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Last week I covered
an idea to make pupil dilation more efficient in the office, and this week I’ll
offer some more tips and ideas on that topic.
I recently acquired two computerized refraction systems in my practice, which
allows technicians to assist with subjective refraction testing. While most
doctors utilize these instruments to save time spent on gathering refractive
data, there is an additional benefit with pupil dilation. Once the subjective
refraction is done, the technician can check anterior chamber angles with a slit
lamp and fully dilate the patient with tropicamide. When the doctor sees the
patient, he is already dilated, saving the need to instill drops and see the
patient back a second time. The distance subjective refraction can even be fine
tuned or confirmed by the doctor in the dilated state.
Pre-dilate older patients
Some doctors have their technicians pre-dilate their patients that are 55 years
of age or older, using a drug with tropicamide. The doctor does the refraction
with the eye dilated and somewhat cyclopleged, but the reasoning is that
patients in this age group have little accommodation and the refractive result
will be the same.
Instill drops upon entering
This technique works well in conjunction with last week’s tip when the eyes are
pre-dilated with phenylephrine 2.5%. With the phenylephrine already working, the
doctor may add 1 drop of tropicamide to each eye immediately after greeting the
patient during the doctor part of the visit. Then the doctor does his or her
usual tests: reviews case history, refraction, slit lamp, discusses some of the
findings and recommendations, and finally does the fundus exam. At this point,
the phenylephrine has had about 40 minutes to work and the tropicamide might
have had close to 15 minutes. This technique can provide a fully dilated pupil
in many patients and allow a peripheral retinal exam with a BIO.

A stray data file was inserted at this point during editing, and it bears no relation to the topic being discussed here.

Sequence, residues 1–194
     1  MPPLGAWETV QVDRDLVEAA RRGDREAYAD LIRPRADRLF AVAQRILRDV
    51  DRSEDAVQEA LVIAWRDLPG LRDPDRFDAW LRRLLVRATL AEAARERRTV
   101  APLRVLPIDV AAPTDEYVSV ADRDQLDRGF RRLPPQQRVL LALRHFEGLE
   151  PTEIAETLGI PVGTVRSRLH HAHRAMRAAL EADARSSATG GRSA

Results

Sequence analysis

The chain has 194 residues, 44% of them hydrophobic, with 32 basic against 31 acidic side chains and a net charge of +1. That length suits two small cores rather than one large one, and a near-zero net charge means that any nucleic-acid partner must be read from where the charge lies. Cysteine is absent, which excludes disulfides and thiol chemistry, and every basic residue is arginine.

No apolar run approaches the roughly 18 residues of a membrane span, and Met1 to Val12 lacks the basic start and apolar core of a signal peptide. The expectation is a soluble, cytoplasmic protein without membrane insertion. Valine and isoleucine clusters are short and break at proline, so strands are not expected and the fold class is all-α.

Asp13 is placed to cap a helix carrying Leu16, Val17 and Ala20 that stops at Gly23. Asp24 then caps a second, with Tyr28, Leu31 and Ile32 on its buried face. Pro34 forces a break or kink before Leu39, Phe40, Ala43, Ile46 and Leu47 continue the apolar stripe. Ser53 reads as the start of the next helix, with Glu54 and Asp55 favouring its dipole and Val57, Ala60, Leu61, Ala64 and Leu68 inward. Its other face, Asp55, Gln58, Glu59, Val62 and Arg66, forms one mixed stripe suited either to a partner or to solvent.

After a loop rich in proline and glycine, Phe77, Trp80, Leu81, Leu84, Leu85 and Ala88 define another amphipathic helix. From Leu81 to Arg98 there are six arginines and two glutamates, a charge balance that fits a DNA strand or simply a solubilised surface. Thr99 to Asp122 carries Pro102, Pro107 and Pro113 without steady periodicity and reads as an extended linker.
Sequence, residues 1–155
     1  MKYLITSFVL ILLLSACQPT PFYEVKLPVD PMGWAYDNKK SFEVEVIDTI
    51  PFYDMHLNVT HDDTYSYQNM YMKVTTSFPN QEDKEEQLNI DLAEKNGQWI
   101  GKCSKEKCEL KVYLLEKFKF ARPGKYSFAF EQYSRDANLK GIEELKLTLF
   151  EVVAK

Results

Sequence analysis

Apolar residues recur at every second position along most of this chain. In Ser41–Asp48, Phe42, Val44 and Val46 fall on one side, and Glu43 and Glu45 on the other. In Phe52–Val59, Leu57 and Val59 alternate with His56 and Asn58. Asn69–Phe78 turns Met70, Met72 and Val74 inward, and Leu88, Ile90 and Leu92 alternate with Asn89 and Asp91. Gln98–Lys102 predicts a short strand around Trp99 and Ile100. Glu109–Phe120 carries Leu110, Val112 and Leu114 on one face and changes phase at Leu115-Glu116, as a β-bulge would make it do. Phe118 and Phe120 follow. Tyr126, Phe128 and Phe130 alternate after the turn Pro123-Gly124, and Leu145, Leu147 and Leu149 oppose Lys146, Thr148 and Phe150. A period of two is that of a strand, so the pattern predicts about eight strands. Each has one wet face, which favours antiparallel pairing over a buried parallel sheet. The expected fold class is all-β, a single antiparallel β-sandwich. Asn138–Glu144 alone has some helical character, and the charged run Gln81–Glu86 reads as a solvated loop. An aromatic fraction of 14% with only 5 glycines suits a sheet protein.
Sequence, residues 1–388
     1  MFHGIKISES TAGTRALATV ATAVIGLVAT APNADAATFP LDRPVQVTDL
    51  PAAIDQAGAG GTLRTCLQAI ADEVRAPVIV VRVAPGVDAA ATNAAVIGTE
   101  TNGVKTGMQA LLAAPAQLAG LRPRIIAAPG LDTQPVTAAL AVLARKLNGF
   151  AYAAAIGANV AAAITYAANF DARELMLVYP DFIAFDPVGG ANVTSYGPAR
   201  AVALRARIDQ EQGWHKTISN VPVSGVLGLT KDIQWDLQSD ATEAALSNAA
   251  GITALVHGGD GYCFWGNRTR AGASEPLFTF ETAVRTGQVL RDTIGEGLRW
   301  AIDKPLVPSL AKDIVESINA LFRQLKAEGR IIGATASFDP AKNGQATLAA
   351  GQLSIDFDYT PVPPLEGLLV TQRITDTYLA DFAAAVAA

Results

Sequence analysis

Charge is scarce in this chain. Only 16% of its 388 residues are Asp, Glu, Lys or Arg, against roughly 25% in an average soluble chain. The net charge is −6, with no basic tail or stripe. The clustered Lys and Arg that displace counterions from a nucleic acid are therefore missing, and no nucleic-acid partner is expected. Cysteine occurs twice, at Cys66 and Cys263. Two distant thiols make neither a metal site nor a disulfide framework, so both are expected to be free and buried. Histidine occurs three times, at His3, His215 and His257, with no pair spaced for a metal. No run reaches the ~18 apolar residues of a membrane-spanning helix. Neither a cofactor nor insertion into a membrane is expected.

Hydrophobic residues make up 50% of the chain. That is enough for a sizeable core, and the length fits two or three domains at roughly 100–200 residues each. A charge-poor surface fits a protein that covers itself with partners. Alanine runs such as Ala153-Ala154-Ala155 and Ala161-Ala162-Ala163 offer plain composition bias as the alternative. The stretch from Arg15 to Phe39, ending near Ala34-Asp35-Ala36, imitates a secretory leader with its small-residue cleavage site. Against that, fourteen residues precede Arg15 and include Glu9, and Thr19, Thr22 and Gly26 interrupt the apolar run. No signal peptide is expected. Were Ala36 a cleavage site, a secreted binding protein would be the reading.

Choice of drugs
We have a need for several different mydriatic drops for various applications
and types of patients. Some patients, such as those with dark pigmentation and
diabetics, are harder to dilate and may require a stronger drug concentration.
In some cases we want a stronger cycloplegic affect for checking true refractive
status or for pain relief. In some cases we want a fast acting drug that has a
short acting cycloplegic effect, so our patients can return to work with little
inconvenience. Generally, we use phenylephrine (Neosynephrine) 2.5%, tropicamide
(Mydriacyl) .5% and 1%, and cyclopentolate (Cyclogyl) .5% and homatropine 5%.
For routine fundus evaluations Paremyd is an excellent choice because it has
only .25% tropicamide – less than any other formulation. This low dose is
sufficient for good pupil dilation, but it has reduced cycloplegic action and
quicker recovery time. Paremyd is a combination drug: tropicamide along with
hydroxyamphetamine (which used to be sold under the brand name Paredrine), so
there is a cross action mydriasis. Hydroxyamphatmine does not cycloplege and is
similar to phenylephrine. Paremyd was off the market for awhile – but is now
available again from Akorn.
Best wishes for continued success,
Neil B. Gailmard, OD, MBA, FAAO
Editor, Optometric Management Tip of the Week
Dr. Gailmard's new book, Practice Management in Optometry: A Blueprint for Success Based on the Optometric Management Tip of the Week, is now available on Amazon.